I am the man who has seen affliction
by the rod of the Lord’s wrath.
2 He has driven me away and made me walk
in darkness rather than light;
3 indeed, he has turned his hand against me
again and again, all day long.
4 He has made my skin and my flesh grow old
and has broken my bones.
5 He has besieged me and surrounded me
with bitterness and hardship.
6 He has made me dwell in darkness
like those long dead.
7 He has walled me in so I cannot escape;
he has weighed me down with chains.
8 Even when I call out or cry for help,
he shuts out my prayer.
9 He has barred my way with blocks of stone;
he has made my paths crooked.
10 Like a bear lying in wait,
like a lion in hiding,
11 he dragged me from the path and mangled me
and left me without help.
12 He drew his bow
and made me the target for his arrows.
13 He pierced my heart
with arrows from his quiver.
14 I became the laughingstock of all my people;
they mock me in song all day long.
15 He has filled me with bitter herbs
and given me gall to drink.
16 He has broken my teeth with gravel;
he has trampled me in the dust.
17 I have been deprived of peace;
I have forgotten what prosperity is.
18 So I say, “My splendor is gone
and all that I had hoped from the Lord.”
19 I remember my affliction and my wandering,
the bitterness and the gall.
20 I well remember them,
and my soul is downcast within me.
21 Yet this I call to mind
and therefore I have hope:
22 Because of the Lord’s great love we are not consumed,
for his compassions never fail.
23 They are new every morning;
great is your faithfulness.
24 I say to myself, “The Lord is my portion;
therefore I will wait for him.”
25 The Lord is good to those whose hope is in him,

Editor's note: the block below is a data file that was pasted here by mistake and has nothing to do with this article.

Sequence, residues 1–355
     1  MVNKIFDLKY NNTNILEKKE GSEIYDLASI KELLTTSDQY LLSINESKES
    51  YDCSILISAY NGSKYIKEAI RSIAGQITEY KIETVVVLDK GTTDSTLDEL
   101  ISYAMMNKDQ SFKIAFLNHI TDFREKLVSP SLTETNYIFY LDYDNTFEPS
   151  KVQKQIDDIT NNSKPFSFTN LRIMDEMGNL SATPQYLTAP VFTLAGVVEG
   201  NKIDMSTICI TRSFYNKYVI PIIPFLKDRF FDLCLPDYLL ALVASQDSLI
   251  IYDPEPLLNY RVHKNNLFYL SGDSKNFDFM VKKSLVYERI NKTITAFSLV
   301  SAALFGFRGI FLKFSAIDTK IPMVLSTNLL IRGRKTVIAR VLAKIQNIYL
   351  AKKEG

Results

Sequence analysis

to the one who seeks him;
26 it is good to wait quietly
for the salvation of the Lord.
27 It is good for a man to bear the yoke
while he is young.
For many years, in churches across our land, we have sung the beautiful worship song: ‘The steadfast love of the Lord never ceases’. But we have no doubt rarely considered the context in which these verses are found in ‘Lamentations.’ Up to verse 21ff, the mood of the chapter is one of deep gloom. Jeremiah had (prophetically) foreseen the judgment to fall on Judah; and then he had seen it at close hand – all of the death and destruction. He felt like a man whose prayers were not answered (8,9).
In verses 19,20 I note that what we focus on affects our emotions and attitudes. ”For as he thinks within himself, so he is’ (Prov.23:7).
But I also observe that in the middle of dire circumstances:
- Jeremiah chooses to remember differently (21-23). Everything in the chapter turns on the little word ”Yet.” When he thought about negative things it did not do him any good. But then he decided to remember the truth about God;
- Jeremiah decides to adopt a one day at a time perspective: ”They are new every morning” (23a);
- Jeremiah preaches to himself (24-27). He counsels himself. As the psalmist often does, he speaks to his own soul.
What are you fixating on today that is ruinous to your mental, emotional and spiritual health? What truth do you need to speak into your own soul – and believe?!!